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tv   Your Business  MSNBC  September 8, 2013 4:30am-5:01am PDT

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tear called preppers, people who are ready for any type of disaster, natural or man made. how entrepreneurs are marketing for them. and she had a great business plan for a new shoe company until somebody ripped off the idea. protects yourself, coming up next on "your business." ♪ small businesses are revitalizing the economy and american express open is here to
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help. that's why we are proud to present "your business" on msnbc. ♪ hi there, everyone. i'm j.j. ramberg. and welcome to "your business" the show dedicated to giving you tips and advice to help your small business grow. business psychologists will tell you that consumer purchases are generally based, not on pragmatism, but on emotion. and that's why a growing number of entrepreneurs are marketing to a phenomenon of our times. those who fear the unknown and want to be prepared in the event of a disaster, or domestic terrorism. we found one small business that serves the so-called prepper movement. and practices what they preach. ♪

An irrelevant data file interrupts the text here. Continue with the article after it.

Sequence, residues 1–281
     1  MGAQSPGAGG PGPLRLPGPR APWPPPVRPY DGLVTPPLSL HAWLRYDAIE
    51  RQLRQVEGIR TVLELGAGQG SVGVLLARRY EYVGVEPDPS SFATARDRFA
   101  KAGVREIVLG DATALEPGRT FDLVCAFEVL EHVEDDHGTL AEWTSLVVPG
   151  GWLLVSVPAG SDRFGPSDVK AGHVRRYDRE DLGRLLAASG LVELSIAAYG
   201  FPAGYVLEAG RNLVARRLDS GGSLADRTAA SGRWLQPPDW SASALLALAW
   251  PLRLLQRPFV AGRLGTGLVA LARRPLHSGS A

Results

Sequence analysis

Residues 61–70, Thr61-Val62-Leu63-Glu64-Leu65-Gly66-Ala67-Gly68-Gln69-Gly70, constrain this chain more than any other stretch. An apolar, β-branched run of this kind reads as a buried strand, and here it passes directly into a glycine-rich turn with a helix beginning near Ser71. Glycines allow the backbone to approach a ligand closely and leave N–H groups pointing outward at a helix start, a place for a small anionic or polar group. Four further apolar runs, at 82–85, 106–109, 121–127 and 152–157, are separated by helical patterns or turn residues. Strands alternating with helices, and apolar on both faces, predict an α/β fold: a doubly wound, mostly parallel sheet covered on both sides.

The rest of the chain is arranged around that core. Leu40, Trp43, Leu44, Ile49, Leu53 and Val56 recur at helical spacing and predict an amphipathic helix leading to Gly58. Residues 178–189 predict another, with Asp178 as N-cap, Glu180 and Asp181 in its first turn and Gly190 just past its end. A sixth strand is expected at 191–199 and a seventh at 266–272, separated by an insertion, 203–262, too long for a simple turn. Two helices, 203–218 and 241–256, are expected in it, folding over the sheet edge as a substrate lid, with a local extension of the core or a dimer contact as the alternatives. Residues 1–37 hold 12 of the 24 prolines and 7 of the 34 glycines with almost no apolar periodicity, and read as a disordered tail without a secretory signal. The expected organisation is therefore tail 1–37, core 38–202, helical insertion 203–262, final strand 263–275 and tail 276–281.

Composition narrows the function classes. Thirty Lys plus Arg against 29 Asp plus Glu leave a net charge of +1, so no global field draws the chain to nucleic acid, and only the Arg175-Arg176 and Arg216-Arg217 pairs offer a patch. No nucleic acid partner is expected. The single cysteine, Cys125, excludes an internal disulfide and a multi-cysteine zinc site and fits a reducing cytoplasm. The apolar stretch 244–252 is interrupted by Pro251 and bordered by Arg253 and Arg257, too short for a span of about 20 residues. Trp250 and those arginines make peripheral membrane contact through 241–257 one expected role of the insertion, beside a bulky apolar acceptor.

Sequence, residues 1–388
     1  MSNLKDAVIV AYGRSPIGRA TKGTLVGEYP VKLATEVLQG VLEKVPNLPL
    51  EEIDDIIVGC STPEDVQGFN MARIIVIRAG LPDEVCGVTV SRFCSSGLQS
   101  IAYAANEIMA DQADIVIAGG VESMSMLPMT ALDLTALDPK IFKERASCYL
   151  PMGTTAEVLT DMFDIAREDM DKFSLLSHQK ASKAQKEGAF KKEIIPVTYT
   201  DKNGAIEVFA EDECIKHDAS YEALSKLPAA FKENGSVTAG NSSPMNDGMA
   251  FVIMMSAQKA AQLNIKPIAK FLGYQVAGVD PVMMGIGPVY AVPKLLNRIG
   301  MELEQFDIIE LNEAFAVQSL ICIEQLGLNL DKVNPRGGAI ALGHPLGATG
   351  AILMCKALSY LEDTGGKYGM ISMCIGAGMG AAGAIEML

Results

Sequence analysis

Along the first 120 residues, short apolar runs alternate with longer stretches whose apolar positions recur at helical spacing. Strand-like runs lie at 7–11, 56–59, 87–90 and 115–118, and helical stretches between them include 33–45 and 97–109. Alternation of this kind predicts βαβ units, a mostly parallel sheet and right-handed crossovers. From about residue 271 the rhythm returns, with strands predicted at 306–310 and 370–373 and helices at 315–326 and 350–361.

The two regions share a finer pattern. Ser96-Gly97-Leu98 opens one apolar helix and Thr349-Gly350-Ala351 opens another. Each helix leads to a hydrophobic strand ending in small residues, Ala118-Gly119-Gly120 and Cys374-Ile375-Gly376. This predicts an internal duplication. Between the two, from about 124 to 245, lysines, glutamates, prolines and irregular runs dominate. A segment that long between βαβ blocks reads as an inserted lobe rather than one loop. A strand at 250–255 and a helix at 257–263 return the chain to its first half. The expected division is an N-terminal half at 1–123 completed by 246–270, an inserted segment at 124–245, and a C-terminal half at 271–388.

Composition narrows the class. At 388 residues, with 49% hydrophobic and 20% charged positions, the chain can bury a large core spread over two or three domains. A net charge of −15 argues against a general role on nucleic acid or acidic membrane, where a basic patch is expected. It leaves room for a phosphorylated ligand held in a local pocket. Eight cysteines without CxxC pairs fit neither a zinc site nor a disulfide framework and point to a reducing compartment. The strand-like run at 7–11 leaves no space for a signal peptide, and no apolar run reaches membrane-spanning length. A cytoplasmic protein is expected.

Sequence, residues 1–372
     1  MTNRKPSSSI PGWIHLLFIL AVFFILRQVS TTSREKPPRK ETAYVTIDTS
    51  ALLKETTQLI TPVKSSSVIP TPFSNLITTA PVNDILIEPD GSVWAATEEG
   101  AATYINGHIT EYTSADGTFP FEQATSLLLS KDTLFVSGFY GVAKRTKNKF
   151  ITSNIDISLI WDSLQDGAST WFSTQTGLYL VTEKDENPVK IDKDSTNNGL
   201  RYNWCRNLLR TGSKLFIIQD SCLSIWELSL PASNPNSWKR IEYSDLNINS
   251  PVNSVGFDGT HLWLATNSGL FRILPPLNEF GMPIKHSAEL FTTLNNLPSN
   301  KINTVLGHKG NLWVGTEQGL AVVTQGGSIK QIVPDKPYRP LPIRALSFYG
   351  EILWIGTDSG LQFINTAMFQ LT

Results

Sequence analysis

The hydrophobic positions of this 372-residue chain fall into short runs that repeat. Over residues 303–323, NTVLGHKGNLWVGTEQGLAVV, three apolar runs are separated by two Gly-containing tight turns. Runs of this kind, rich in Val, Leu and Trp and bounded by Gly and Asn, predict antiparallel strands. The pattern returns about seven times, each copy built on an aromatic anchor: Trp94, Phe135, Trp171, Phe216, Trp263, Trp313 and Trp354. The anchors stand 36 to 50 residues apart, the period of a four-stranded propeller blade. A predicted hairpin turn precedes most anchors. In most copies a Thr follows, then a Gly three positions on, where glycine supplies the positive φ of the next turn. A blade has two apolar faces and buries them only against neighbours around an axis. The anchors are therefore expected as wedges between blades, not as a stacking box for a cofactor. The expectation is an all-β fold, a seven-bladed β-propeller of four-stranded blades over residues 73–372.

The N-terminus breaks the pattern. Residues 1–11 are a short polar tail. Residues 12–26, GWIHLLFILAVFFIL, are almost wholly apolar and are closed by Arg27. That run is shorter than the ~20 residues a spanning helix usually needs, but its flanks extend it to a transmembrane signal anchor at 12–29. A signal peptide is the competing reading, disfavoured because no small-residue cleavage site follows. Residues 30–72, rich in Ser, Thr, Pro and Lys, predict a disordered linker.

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>> it's so important for people to prepare and to protect their family from what's coming. and for me, it's not if, it's when. >> i'm proud to be a prepper. i think most people are preppers. >> while they proudly call themselves survivalists or preppers, daryn danby and dave stewart, the owners of the california-based off the grid supply store also call themselves entrepreneurs. >> we carry the products that you may need in an emergency to take care of your family. >> that's 1 million volt, okay. now volts won't kill you, all right? but what's going to happen is, every muscle in your body when you get hit by this is going to -- and you will go over. >> if you have to start with empty plastic bottles, get the ball rolling. know that you have a supply of water that you can go to. because again, three days without water, and you are dead.
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>> here's the question, how much water do you have saved up? because you think you're good so -- >> we usually keep like three cases -- three cases of the gallon waters. >> okay. >> which is probably like 12 gallons at the most. >> that's terrible, guys. that's terrible, okay? >> syria is a very immediate motivator it's powerful tool for both good and bad. >> adam is a professor of marketing at the nyu school of business. he said entrepreneurs use fear to directly market their products. >> what i'd like you to do is make a plan and market the plan. >> one of the keys is if people are feeling fearful, you give them the tools to deal with that fear. you give them a sense of control. >> it's the demographics. people who want to be comfortable and survive if there's an emergency. >> they actually manage the fear, overcome it.